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Cocaine: A Report From the Front Lines

One of Dartblog’s roving reporters has filed a piece on cocaine use at the College.

Cocaine use is widespread among undergraduate students at Dartmouth — at least in the Greek system. It is not necessarily the undisputed “drug of choice,” but it is interesting to note that cocaine is almost as widely used as pot, a reality that is out of step with both national drug abuse statistics and increasingly harsh criminal sentencing for hard drug possession.

Judging by my experiences, it seems that about half of all fraternities have a contingent of regular coke users, and a handful of sororities do as well. These people all tend to know each other: another one of those “open secrets” on campus. In my sorority, as in others, the cocaine often comes from sisters affiliated with secret societies. It is unclear to me how the drugs originally get to campus, but it is interesting to consider the secret networks through which they are distributed and within which they are used.

I was surprised when the SAE cocaine scandal in 2010 didn’t seem to affect student behavior on the drug issue. After that event, members of my sorority and friends in fraternities continued to use cocaine within their houses. Many houses have had or still often have colorful events involving cocaine—from one house’s “All Surfaces Party” to another’s “Magic Monday” event. I don’t want to call out specific houses, but one widely used nickname is Kutta Kutta Gamma, and if you want to track students who use coke, looks for brothers with prominent delts.

It is not a secret that some houses move around money in a minor way to pay for the drugs. I have heard of one case where a friend at a fraternity was not deemed fit to be elected treasurer because he wouldn’t manipulate the finances to free up money for the house to spend on cocaine and other drugs.

Additionally, one friend in another house has remarked that magic mushrooms are used in their pledging events — in addition to the alcohol that obviously plays a large role.

Drug use is a personal choice at Dartmouth and I have never heard about anyone pressured to use cocaine or other hard drugs. I also doubt that the administration is equipped to deal with the problem, on top of the fact that it is not necessarily their area of jurisdiction. However, hard drugs are certainly a part of the scenery in the Greek system, and the example of members of other houses getting busted for them predictably hasn’t done much in the years since to dissuade members of my house or other houses to stop using them before or during large parties.”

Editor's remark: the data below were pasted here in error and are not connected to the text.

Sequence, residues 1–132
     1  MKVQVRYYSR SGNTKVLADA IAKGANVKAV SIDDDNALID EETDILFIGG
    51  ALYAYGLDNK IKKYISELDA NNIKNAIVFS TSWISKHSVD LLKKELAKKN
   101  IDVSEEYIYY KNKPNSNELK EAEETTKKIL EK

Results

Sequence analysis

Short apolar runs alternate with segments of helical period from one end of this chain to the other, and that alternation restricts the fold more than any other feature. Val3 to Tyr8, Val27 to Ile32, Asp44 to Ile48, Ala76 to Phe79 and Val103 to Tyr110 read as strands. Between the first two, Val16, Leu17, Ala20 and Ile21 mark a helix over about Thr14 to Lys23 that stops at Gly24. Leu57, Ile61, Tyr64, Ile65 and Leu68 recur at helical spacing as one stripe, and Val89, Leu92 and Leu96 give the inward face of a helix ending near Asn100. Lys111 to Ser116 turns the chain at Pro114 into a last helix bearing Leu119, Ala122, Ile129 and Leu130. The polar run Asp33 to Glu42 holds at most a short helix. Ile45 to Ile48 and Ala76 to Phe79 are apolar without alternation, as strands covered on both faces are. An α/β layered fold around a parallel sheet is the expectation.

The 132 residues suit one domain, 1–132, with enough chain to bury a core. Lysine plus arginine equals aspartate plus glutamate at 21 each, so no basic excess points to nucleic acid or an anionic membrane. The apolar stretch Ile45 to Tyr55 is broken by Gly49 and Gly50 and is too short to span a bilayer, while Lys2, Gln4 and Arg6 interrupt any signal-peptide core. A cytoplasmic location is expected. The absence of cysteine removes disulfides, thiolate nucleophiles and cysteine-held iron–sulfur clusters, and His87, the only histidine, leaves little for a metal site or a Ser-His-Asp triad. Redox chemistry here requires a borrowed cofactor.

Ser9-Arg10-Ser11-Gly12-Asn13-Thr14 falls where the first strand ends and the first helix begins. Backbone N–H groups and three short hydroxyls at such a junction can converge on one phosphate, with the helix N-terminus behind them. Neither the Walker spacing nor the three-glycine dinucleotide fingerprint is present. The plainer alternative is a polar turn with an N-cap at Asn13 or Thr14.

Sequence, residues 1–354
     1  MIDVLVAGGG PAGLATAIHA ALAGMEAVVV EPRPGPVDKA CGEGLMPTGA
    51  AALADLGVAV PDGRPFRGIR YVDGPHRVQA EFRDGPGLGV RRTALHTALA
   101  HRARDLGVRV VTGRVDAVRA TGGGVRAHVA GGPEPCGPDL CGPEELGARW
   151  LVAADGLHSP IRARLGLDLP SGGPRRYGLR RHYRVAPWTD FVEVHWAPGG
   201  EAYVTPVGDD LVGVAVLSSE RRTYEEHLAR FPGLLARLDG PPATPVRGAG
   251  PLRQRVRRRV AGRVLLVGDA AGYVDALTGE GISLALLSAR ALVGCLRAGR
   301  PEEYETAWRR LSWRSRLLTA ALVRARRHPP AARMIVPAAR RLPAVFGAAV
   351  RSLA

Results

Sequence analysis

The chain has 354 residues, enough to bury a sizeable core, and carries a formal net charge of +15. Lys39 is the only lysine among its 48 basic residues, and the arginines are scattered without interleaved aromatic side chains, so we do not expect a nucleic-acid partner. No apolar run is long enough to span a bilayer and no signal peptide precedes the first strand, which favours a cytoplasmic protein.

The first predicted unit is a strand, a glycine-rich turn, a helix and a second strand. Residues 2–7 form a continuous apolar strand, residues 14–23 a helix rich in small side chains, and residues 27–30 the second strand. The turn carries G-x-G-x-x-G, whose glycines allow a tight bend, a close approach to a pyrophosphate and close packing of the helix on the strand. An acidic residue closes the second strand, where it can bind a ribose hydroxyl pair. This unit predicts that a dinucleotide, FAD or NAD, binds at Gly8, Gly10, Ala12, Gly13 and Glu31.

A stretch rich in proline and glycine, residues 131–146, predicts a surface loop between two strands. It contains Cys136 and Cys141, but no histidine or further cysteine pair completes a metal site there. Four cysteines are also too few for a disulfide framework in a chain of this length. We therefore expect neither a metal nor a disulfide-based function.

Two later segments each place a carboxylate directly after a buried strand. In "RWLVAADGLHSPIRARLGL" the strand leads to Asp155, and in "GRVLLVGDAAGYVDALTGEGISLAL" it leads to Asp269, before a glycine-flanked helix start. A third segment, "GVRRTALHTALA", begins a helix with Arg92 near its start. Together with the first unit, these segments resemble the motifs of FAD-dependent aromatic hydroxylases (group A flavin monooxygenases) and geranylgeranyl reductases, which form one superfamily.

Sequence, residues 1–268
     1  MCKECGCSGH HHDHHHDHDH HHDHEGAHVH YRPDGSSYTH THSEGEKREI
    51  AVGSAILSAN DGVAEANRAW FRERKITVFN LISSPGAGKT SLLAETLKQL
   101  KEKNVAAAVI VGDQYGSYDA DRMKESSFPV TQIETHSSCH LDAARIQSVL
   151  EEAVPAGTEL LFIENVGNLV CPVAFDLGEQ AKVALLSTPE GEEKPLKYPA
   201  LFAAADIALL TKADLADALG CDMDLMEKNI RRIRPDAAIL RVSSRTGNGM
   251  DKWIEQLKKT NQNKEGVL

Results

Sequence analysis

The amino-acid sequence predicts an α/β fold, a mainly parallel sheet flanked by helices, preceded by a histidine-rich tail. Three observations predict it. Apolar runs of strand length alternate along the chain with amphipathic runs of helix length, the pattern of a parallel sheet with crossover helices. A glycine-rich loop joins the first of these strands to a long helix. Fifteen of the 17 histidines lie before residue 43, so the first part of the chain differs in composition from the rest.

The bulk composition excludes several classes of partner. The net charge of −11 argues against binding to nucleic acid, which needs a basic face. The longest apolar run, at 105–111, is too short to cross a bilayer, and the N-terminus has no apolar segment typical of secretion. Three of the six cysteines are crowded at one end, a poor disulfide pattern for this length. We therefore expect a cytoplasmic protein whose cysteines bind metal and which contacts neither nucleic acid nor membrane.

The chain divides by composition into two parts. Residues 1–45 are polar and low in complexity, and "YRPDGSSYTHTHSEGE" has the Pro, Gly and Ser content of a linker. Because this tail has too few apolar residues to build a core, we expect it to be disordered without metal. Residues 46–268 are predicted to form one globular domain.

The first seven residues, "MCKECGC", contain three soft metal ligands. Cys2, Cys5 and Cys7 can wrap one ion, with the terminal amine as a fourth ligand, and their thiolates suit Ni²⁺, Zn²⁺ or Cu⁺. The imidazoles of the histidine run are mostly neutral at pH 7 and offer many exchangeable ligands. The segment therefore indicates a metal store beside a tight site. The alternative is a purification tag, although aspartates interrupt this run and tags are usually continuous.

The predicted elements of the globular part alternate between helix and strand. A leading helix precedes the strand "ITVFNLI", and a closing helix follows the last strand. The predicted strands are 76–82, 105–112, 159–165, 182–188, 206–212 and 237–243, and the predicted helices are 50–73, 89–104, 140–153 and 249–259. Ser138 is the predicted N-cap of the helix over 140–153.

Addendum: One of our favorite writers at The D, Natalie Colaneri, recently published a column on abuse by students of Adderall, a narcotic usually prescribed for various types of attention deficit disorders, but which is now widely used by undergraduates as a “study drug.”

Dartmouth College Health Services declined to provide me with statistics regarding prescription drug misuse on our campus. Through my interviews with students from different parts of the Dartmouth community, however, I gained some interesting insight into the wide-ranging perceptions of study drug misuse. Some students didn’t observe much use of study drugs on campus, while others perceived high usage rates. For example, one varsity athlete believed that 70 percent of Dartmouth students used these drugs, commenting that everyone on his team and almost everyone in his fraternity used Adderall or other ADHD medications when they were struggling to complete their work, particularly during finals period.


On average, the students I interviewed thought that about one quarter of Dartmouth students have used study drugs. Granted, this statistic is based on student perceptions of study drug misuse, which may not accurately reflect the actual percentage of Dartmouth students who misuse these drugs. However, research on prescription drug misuse on other college campuses shows an even higher statistic, and this is cause for concern.

A number of faculty members have also commented to me that the use of narcotics for various psychological afflictions is high among students. The College should release any information that it possesses on these subjects.

Also, how curious that a columnist at The D is writing on this subject; one would think that topics like this would be fodder for The D’s intrepid investigative reporters.

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